Google has temporarily locked an undisclosed number of Afghan government email accounts owing to the fear resulting from the digital paper trail left by former officials and their international partners.
In the wake of the Taliban's takeover of Afghanistan, reports have indicated that biometric and Afghan payroll databases might be exploited by the new rulers to hunt their enemies, according to a report by India Today.
In a statement on Friday, Alphabet Inc's Google insinuated that Afghan government accounts were being locked down, on the pretext that the company was monitoring the situation in Afghanistan and thus "taking temporary actions to secure relevant accounts."
Former employee breaks silence
One employee of the former government has told Reuters the Taliban are seeking to acquire former officials' emails. The employee further stated that the Taliban had asked him to save the data stored on the servers of the ministry he used to work for.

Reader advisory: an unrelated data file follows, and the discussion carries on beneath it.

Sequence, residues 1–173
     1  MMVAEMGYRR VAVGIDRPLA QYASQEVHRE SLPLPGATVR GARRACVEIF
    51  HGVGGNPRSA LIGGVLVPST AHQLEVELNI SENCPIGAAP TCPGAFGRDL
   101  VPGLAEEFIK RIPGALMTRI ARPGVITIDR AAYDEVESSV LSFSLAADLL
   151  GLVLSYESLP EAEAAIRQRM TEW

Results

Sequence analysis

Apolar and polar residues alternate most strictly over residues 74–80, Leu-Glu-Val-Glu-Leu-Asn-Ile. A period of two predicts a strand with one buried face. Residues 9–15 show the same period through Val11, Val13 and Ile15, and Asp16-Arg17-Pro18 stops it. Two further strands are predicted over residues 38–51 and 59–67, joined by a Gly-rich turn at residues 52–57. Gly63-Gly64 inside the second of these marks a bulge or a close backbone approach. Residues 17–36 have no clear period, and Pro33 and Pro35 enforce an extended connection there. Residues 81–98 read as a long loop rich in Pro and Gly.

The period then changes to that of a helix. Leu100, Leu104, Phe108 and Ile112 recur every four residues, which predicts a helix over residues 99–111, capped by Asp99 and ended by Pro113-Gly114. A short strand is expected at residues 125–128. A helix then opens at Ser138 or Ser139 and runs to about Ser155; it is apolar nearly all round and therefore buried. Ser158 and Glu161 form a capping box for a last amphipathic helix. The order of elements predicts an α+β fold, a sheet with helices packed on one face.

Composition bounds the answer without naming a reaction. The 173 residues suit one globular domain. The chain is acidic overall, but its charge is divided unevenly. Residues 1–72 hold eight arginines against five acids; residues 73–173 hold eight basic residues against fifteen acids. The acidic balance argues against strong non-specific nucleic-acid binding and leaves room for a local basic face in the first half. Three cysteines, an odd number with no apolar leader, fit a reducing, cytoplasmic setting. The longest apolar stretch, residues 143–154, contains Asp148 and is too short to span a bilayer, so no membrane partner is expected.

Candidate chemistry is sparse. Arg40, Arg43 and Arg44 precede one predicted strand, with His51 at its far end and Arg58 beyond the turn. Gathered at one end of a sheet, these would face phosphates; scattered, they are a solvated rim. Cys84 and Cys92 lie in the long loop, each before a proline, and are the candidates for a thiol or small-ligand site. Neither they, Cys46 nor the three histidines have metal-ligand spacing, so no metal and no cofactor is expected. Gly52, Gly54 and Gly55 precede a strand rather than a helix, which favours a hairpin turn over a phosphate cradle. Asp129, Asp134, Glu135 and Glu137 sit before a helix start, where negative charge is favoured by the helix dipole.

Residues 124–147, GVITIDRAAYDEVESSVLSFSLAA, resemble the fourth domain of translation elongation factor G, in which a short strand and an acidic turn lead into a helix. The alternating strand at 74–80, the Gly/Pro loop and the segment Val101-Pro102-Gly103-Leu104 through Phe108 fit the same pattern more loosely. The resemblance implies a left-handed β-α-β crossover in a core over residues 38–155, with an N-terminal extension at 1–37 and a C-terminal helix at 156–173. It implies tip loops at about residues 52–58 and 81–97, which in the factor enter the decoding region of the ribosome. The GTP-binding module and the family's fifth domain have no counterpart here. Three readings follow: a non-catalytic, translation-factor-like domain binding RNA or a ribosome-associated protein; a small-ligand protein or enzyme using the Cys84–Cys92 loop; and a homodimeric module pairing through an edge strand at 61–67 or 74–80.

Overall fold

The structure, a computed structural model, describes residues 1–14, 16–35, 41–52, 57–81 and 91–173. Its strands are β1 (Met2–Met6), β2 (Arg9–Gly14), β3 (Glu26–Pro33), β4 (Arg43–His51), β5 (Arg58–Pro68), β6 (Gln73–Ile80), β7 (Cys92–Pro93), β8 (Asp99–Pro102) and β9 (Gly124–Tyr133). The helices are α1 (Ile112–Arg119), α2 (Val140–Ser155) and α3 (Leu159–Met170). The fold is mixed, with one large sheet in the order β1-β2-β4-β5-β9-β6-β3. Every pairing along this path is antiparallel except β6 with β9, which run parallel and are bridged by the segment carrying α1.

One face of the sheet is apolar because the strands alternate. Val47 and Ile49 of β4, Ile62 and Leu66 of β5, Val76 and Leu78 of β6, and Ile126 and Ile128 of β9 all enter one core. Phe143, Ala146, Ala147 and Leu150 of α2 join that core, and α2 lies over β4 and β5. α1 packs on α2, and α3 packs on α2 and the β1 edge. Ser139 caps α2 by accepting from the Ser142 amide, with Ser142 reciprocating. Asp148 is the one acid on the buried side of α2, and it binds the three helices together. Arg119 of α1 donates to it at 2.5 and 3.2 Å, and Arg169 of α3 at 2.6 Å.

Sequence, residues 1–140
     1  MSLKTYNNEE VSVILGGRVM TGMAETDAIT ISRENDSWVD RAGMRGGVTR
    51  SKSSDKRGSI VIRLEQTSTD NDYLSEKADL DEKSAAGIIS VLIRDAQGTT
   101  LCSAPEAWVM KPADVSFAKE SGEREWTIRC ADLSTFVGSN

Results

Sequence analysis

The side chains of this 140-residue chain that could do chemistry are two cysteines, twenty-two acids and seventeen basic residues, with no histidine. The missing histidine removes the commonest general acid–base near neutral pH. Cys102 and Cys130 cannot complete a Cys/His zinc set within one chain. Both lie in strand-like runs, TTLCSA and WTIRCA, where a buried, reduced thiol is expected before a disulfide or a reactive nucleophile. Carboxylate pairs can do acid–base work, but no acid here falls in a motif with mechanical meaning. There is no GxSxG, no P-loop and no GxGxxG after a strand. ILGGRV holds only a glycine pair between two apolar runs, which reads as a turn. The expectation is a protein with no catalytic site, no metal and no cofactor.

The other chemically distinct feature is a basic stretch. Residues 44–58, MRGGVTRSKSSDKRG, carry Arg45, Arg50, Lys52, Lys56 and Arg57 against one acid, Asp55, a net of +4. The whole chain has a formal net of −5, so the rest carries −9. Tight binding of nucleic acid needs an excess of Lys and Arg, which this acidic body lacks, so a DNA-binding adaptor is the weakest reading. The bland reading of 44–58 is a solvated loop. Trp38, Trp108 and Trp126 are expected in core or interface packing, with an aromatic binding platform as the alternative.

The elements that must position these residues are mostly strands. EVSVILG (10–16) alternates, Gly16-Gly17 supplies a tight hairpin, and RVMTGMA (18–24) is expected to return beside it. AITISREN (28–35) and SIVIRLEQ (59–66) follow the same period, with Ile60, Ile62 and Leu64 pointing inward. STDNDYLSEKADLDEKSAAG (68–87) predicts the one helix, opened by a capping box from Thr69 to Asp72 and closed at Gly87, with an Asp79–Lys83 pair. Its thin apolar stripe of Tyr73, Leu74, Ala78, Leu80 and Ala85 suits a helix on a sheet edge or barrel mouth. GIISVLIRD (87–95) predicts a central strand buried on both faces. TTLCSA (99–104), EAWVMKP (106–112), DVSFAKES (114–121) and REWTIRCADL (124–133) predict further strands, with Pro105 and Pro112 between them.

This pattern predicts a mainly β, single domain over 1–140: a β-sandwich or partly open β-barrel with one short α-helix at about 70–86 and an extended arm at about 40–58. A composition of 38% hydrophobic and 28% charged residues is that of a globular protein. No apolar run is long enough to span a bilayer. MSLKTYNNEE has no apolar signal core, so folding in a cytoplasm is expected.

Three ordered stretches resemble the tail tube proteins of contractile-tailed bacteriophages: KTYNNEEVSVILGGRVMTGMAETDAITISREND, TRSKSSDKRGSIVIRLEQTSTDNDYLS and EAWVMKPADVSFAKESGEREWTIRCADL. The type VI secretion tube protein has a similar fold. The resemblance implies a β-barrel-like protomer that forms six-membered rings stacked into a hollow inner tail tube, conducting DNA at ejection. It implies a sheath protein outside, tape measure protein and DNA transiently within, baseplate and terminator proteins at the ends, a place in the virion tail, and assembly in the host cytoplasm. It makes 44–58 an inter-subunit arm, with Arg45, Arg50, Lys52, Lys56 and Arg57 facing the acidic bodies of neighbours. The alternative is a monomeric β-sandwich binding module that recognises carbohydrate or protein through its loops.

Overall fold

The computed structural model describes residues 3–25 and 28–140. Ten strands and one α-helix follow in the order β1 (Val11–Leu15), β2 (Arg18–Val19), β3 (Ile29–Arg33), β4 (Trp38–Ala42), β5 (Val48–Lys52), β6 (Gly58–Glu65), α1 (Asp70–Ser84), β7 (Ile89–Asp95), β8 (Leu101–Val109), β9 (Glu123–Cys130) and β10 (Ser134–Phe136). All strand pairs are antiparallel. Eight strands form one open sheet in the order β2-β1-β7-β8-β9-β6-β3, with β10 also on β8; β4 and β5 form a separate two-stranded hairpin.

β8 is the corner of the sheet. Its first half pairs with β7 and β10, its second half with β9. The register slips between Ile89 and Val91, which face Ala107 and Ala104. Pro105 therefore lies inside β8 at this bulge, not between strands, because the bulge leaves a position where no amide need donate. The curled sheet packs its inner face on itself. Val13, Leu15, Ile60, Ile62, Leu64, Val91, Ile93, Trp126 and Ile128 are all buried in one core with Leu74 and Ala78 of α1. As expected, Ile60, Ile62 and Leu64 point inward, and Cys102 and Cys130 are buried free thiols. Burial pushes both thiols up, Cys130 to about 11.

"If I do so, then they will get access to the data and official communications of the previous ministry leadership," the employee said. The employee stated that he did not comply and hence has since gone into hiding.
Mail exchanger records available to the public reveal that two dozen Afghan government bodies used Google's servers to handle official emails, including the ministries of finance, industry, higher education, and mines. Even Afghanistan's office of the presidential protocol also used Google, according to the records, as did some local government bodies.
"It would give a real wealth of information," said Chad Anderson, a security researcher with internet intelligence firm DomainTools who helped Reuters identify which ministries ran which email platform. "Just even having an employee list on a Google Sheet is a big problem," he said, citing reports of reprisals against government workers.
Anderson further added that it was worth tracking the Taliban's attempt to control the digital infrastructure of Google. Intelligence drawn from that infrastructure, he said, "may be far more valuable to a fledgling government than old helicopters."